(capitalization in original). In a Stipulation of Dismissal agreed to by the parties and entered by the United States District Court for the District of Columbia, the parties "adopt[ed] all of the terms of the Settlement Agreement."

Defendant purchased an annuity from Executive Life Insurance Company of New York (ELNY) on or about January 14, 1986 by issuing a check for $675,851.00, payable to JMW Settlements, Inc.2 As required by the settlement agreement, ELNY had an A+ rating at the time of purchase. The United States District Court for the District of Columbia filed a "RECEIPT," (capitalization in original) signed by JMW Settlements, Inc., acknowledging receipt of a check from the government in the amount of $675,851.00, "which, pursuant to the Court's Order and Settlement Agreement filed December 16, 1985, fully discharges the defendant's obligation to plaintiffs for payment of money in consideration of the Order and the Agreement." Plaintiffs received the annual payments as outlined in the settlement agreement from January 15, 1987 until January 15, 2013.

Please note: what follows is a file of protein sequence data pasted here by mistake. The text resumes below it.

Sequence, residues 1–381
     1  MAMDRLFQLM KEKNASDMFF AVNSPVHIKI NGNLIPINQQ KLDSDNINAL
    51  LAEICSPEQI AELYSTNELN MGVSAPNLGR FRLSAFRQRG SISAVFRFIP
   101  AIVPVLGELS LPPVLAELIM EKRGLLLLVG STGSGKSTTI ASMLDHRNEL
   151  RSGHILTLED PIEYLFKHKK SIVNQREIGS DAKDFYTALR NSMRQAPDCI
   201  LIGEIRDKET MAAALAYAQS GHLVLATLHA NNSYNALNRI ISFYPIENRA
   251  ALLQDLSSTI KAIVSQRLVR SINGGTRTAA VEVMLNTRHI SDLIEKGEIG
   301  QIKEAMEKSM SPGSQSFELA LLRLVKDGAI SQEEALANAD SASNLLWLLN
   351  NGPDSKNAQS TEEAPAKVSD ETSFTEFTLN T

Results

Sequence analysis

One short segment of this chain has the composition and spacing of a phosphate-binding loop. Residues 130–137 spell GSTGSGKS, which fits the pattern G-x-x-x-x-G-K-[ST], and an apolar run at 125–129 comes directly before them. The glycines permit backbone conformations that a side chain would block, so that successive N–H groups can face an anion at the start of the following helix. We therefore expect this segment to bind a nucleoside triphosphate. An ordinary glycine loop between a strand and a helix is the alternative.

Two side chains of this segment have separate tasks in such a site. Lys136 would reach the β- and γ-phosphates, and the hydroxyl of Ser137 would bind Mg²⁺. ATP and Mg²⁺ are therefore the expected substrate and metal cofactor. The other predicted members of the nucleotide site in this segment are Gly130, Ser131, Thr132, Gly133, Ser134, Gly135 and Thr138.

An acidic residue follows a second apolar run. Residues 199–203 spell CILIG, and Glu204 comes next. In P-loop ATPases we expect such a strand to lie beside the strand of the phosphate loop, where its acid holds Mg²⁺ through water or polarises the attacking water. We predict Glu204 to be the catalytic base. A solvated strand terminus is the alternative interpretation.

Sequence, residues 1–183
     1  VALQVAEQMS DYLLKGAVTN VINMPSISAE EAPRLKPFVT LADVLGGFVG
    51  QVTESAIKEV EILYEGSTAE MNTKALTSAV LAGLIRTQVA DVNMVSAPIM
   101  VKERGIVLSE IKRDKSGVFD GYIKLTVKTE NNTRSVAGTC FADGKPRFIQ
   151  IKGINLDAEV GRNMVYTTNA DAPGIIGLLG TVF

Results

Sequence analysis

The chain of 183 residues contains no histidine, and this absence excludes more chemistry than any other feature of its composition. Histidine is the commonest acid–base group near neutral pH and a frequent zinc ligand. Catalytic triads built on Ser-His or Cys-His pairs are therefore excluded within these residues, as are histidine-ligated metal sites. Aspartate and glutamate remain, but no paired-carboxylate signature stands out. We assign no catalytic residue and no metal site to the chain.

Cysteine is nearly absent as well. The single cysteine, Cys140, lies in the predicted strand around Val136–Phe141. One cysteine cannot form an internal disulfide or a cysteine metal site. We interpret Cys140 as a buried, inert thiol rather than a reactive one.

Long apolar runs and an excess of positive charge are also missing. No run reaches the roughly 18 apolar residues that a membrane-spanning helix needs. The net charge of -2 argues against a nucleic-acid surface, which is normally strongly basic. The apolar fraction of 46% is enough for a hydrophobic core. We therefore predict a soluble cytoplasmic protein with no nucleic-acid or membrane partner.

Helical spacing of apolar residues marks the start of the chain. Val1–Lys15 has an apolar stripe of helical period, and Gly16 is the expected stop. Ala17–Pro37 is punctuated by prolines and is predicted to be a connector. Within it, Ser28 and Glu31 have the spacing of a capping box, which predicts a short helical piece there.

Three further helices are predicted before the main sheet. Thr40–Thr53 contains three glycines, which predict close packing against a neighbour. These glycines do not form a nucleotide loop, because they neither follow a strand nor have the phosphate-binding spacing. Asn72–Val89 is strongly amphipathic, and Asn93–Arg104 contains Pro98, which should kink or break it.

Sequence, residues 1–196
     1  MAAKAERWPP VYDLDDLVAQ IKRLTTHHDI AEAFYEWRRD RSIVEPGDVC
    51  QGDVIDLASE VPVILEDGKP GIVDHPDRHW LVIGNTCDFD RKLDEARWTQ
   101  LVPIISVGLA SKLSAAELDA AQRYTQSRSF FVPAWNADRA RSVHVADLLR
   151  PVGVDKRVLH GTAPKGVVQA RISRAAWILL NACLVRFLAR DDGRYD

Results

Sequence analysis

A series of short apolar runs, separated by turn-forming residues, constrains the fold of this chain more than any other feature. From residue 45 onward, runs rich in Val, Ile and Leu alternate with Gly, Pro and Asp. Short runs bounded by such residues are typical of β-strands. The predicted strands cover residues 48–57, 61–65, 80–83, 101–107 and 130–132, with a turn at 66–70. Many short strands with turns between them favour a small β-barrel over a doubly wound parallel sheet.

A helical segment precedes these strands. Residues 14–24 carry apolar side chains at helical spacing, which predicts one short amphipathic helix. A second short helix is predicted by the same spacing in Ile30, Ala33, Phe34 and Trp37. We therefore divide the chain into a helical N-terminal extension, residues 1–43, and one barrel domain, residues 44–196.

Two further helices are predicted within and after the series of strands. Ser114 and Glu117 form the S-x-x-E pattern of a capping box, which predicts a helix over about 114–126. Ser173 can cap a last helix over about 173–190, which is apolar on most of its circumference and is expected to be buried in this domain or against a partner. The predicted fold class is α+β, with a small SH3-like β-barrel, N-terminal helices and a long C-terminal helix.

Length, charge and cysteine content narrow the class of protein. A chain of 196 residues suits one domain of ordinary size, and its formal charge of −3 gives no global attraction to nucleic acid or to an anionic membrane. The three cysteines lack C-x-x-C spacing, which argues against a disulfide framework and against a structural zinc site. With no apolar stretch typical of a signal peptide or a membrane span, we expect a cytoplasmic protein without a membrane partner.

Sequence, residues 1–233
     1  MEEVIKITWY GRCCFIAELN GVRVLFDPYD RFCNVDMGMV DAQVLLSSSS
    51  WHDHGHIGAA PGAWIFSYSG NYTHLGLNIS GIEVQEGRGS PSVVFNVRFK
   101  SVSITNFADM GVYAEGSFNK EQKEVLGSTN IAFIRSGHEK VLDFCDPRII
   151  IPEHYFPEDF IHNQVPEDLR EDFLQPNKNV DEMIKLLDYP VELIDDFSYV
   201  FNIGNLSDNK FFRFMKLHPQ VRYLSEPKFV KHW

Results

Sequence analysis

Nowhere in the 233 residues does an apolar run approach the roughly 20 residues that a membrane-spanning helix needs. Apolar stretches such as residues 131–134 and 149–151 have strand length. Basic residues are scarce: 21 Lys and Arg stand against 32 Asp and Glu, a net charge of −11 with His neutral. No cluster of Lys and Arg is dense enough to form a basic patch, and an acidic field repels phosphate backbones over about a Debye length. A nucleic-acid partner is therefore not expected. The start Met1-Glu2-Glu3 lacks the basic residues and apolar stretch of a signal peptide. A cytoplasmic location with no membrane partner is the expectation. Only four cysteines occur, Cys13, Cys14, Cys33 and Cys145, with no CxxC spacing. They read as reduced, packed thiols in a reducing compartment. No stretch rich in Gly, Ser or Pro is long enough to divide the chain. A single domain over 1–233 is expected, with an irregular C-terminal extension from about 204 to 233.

The settlement agreement was amended on May 7, 2000 to provide for payments to be made to the Christina M. Stathis Special Needs Trust, instead of directly to Gus and Pauline Stathis, and was signed by plaintiffs and defendant. This "AMENDMENT TO ORIGINAL SETTLEMENT AGREEMENT" (capitalization in original) stated:

IT IS HEREBY STIPULATED AND AGREED that the United States of America, as owner of the annuity contract under which the requisite periodic payments will be made, shall cause the future periodic payments to be redirected to the Christina M. Stathis Special Needs Trust . . .
IT IS FURTHER AGREED AND UNDERSTOOD that this Amended Settlement Agreement does not alter the parties' obligations or overall payment amounts as reflected in the original Settlement Agreement, and does not replace the original Settlement Agreement.
Provider [sic] further, that as consideration for the amended terms reflected herein, Pauline M. Stathis will indemnify and hold harmless the United States of America, its authorized agents and employees, for any claims that may arise out of, or on account of, the redirection of the payments to the Christina M. Stathis Special Needs Trust.

(capitalization in original).

On April 16, 2012, ELNY was found to be insolvent by the Supreme Court of the State of New York (Nassau County), which issued a Memorandum Decision and Order of Liquidation and Approval of the ELNY Restructuring Agreement. A letter from the New York Liquidation Bureau, sent to Christina Stathis on May 18, 2012, enclosed the court documents and stated: